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Persistence and perseverance seem to have very similar definitions.

Googling shows

persistence: Firm or obstinate continuance in a course of action in spite of difficulty or opposition.

perseverance: Steadfastness in doing something despite difficulty or delay in achieving success.

What is the difference between them?

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There are many contexts where the two words are actual or near synonyms. In others, such as persistence of vision only the first word can be used. Perseverance requires a personified agent exercising willpower. Persistence doesn't - but if there is one, it often implies being tiresome rather than resolute. –  FumbleFingers Sep 8 '11 at 21:12
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I don't think this is general reference. You can read the definitions as many times as you want, and still not have a good idea of when to use which word. –  Marthaª Sep 8 '11 at 23:54
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closed as general reference by Robusto, Matt Эллен, aedia λ, Daniel, simchona Sep 8 '11 at 22:44

This question is too basic; it can be definitively and permanently answered by a single link to a standard internet reference source designed specifically to find that type of information.If this question can be reworded to fit the rules in the help center, please edit the question.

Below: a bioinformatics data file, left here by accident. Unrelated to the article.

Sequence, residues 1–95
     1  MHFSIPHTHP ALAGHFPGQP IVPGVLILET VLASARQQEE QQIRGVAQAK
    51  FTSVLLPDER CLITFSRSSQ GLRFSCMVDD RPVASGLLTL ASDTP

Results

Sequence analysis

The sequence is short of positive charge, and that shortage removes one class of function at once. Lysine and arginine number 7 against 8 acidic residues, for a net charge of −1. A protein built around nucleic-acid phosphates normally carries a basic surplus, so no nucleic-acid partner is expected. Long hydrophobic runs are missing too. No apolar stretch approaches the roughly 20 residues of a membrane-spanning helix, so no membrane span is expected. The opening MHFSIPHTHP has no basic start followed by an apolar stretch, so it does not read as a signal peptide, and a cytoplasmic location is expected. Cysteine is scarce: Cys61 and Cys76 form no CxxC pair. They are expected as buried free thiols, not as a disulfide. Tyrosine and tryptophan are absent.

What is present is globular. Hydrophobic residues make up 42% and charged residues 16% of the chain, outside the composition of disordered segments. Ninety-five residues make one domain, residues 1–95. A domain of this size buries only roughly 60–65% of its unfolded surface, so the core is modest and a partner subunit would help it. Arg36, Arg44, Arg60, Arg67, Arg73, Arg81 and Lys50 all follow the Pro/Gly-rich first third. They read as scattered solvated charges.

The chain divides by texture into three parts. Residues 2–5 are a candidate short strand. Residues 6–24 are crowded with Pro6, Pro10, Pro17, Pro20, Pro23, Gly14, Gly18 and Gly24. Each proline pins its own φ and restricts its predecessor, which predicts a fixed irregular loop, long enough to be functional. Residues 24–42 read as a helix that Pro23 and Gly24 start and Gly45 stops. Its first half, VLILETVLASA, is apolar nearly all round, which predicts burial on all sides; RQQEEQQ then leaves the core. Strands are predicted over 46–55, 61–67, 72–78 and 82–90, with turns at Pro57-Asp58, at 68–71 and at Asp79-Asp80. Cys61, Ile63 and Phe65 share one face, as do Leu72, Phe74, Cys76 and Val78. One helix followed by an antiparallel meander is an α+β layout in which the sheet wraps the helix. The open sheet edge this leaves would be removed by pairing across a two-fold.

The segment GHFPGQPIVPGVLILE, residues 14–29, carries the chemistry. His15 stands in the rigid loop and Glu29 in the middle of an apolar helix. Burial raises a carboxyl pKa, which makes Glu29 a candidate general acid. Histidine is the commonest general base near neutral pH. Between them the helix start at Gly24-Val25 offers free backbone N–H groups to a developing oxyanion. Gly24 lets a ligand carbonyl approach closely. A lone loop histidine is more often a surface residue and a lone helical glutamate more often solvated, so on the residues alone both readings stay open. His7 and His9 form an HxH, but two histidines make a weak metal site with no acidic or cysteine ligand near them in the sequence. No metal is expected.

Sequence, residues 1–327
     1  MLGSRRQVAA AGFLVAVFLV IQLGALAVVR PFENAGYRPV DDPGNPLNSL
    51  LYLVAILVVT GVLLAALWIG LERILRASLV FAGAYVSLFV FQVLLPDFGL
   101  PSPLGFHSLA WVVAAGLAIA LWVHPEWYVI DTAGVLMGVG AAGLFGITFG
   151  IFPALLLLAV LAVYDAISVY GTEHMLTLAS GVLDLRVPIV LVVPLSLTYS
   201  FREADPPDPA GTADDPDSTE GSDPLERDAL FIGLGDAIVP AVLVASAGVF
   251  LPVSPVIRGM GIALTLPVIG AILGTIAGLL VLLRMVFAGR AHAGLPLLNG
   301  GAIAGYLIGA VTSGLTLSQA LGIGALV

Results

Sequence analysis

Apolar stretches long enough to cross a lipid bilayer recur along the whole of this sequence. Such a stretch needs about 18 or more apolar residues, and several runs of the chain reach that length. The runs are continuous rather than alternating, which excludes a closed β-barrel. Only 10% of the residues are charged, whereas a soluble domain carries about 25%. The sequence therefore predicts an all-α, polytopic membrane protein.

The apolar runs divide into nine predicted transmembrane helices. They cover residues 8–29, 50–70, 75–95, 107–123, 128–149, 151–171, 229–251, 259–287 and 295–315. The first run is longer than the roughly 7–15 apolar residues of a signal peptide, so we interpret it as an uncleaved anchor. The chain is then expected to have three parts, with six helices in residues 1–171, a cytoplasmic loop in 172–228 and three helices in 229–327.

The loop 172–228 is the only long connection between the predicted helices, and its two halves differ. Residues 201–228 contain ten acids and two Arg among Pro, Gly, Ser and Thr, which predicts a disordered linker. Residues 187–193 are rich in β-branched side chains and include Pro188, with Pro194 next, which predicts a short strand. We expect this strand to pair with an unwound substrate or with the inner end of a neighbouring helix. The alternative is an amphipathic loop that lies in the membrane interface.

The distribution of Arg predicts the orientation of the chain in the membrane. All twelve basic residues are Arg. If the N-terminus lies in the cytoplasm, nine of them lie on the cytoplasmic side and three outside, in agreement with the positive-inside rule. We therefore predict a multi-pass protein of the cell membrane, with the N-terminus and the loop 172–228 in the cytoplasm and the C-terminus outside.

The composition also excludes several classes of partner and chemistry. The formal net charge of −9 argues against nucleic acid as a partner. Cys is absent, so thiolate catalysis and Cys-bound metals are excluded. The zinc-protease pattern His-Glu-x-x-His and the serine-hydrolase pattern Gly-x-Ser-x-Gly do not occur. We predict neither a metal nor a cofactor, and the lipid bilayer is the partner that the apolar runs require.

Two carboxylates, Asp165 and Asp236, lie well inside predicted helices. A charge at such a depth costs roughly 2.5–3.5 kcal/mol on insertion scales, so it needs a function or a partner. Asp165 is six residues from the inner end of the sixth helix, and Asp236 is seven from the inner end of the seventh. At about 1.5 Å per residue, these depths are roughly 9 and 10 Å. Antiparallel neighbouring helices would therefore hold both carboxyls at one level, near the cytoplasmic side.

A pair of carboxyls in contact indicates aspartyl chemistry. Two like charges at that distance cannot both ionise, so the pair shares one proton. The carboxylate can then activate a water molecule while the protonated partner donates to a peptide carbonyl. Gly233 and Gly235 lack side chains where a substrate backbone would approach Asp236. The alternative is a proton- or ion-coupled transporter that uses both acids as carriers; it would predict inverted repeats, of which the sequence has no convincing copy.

1 Answer

up vote 6 down vote accepted

"Persistence" is used in the sense of "stubborn" (obstinate). There could be a slight negative connotation. For example:

The telemarketers persistently called us.

We don't say they "perseverantly" called us. "Persistent" is used when there continuing action, and the purpose is either bad, or neutral, and sometimes(rarely) good.

"Perseverance", is used when the purpose is good. That is, you're doing something to help someone, or to achieve a desirable goal, such as climbing Mt. Everest.

Depending on how you feel on something, you could use "perseverance"/"Persistence". For example, the telemarketer calling you, could annoy you, and you could call him "obstinately persistent". But to the marketer, you might be to him, a tough customer, and he might seem to himself "bravely perseverant in trying to persuade this tough customer."

As you can see, it gives a different "feel" about the thing described.

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